• Winds and dryness heighten danger from Tunnel fire as teams battle blazes in the American south-west.

    • At least 30 homes and numerous other buildings had been destroyed, with sheriff’s deputies saying more than 100 properties were affected.

  • As of Sunday night, the Calf Canyon and Hermits Peak fires have combined, have burned 54,004 acres, and are 12% contained.

    • Much of the area is suffering from prolonged, severe drought.

    • At a briefing Sunday evening, officials warned the combined fire had the potential to spread and there is still a lot of unburned fuel within its boundaries.

    • Two “scooper” aircraft had been deployed to scoop water from a nearby lake to douse the flames, with a further two expected Monday.

  • Gov. Michelle Lujan Grisham warned that New Mexico faces a long and potentially devastating wildfire season.

    • Over 20 active wildfires were burning in at least 16 of the state’s 33 counties, in the wake of winds that gusted up to 90 MPH on Friday.

    • Hundreds of structures were lost in a growing number of wind-driven blazes across drought-stricken New Mexico.

    • Winds and temperatures in New Mexico diminished Saturday but remained strong enough to still fan fires, and dozens of evacuation orders remained in place.

  • Retired Fire Chief John P. Trumble, 66, died in a Nebraska wildfire.

    • He was driving while acting as a spotter. Smoke and dust blocked his visibility, causing his vehicle to leave the road. He was then overwhelmed by fire and smoke.

Extreme Heat

  • At Earth Day celebration, Mayor Wu announced a Heat Plan to prepare Boston for extreme heat.

    • The city’s Heat Plan presents 26 strategies to help the entire city cope with increasing temperatures while focusing on three main goals: reducing heat exposure, adapting to heat, and reducing sensitivity and fostering healthy, connected communities.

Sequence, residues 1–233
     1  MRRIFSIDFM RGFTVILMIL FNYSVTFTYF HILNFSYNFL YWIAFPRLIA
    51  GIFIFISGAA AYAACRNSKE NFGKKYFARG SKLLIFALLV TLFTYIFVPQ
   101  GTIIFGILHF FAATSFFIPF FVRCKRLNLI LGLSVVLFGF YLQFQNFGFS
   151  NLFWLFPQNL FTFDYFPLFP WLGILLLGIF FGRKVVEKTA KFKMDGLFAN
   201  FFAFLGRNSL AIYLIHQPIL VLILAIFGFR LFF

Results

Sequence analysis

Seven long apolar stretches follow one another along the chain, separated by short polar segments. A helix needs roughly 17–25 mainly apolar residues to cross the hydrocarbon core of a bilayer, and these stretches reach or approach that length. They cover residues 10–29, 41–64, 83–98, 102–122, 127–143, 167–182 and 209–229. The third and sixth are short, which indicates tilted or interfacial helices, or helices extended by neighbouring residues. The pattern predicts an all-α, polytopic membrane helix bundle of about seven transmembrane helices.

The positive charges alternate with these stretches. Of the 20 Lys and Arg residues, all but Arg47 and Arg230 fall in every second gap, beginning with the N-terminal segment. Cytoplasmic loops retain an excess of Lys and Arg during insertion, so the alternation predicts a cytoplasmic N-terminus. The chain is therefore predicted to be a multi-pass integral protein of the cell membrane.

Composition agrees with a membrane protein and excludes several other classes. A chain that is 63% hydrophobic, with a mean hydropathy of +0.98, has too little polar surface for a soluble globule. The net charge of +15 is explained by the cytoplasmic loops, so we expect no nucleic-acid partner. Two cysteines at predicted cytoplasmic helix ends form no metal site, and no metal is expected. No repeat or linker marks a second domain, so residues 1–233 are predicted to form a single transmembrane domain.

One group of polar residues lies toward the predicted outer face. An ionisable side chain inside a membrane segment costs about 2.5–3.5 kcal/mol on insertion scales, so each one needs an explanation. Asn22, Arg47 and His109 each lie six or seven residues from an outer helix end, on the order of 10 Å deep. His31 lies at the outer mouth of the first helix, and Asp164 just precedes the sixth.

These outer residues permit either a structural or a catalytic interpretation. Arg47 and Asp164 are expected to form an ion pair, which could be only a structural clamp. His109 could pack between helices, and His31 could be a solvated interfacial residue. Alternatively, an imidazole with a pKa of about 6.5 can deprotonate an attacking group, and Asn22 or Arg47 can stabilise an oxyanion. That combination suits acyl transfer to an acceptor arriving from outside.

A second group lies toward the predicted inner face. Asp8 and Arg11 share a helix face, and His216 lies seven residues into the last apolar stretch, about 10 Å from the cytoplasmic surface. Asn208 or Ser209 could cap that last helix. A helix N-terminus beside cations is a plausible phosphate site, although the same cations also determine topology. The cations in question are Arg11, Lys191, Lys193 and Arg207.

• The plan also focuses on five environmental justice communities that are hotspots in Boston: Chinatown, Dorchester, East Boston, Mattapan, and Roxbury.

    • Some immediate action projects include distributing 30 pop-up cooling kits that include a hose, misters, and tent to community organizations for public events this summer, a Cool Roof Grant program, and a community-wide design challenge to design a “cool bus stop” this fall.

  • While April’s rain showers certainly helped bring up Bay Area rainfall totals, they won’t be enough to stave off California’s third year of drought.

    • California faces another summer of water restrictions on local water customers.

    • The state emergency regulations mean residents must:

      • Turn off decorative water fountains;

      • Turn off/pause irrigation system when it’s raining and for two days after rain;

      • Use an automatic shutoff nozzle on water hoses;

      • Use a broom, not water, to clean sidewalks and driveways; and

      • Give trees just what they need: avoid overwatering.

New Reports And Data

  • An April 2022 study found that Kauai’s 2018 record-setting rain was caused by a series of supercell thunderstorms.

  • An April 2022 study found that tree-filled spaces are more favorable to child development than paved or grassy surfaces.

  • An April 2022 study found that Vancouver seafood lovers may see more Humboldt squid but less sockeye salmon on restaurant menus in the near future due to climate change.